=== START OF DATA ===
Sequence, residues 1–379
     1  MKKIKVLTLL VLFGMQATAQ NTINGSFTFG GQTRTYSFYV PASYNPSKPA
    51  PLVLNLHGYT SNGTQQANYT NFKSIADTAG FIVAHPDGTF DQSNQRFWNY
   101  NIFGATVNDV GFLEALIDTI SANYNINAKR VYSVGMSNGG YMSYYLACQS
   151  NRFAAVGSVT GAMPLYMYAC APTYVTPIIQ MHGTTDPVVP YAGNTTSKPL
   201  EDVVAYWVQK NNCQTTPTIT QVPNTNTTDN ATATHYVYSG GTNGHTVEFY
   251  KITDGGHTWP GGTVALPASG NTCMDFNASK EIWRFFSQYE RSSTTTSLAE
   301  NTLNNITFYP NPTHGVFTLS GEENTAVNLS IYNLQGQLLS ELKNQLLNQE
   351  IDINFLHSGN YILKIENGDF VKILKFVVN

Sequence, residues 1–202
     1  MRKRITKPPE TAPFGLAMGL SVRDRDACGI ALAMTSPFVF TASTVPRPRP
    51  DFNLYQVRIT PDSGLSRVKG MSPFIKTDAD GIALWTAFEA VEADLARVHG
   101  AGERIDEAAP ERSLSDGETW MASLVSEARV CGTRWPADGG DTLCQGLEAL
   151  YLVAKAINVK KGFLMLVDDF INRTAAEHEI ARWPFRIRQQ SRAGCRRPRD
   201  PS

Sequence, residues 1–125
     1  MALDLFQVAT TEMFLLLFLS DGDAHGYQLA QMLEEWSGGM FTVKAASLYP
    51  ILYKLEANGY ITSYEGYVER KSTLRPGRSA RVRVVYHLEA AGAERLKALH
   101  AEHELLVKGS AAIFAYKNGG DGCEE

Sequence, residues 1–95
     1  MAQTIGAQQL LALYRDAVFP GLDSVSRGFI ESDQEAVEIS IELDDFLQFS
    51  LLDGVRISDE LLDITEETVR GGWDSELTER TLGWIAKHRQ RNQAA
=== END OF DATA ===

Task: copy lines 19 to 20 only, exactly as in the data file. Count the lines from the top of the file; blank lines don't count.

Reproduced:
   101  AEHELLVKGS AAIFAYKNGG DGCEE

Sequence, residues 1–95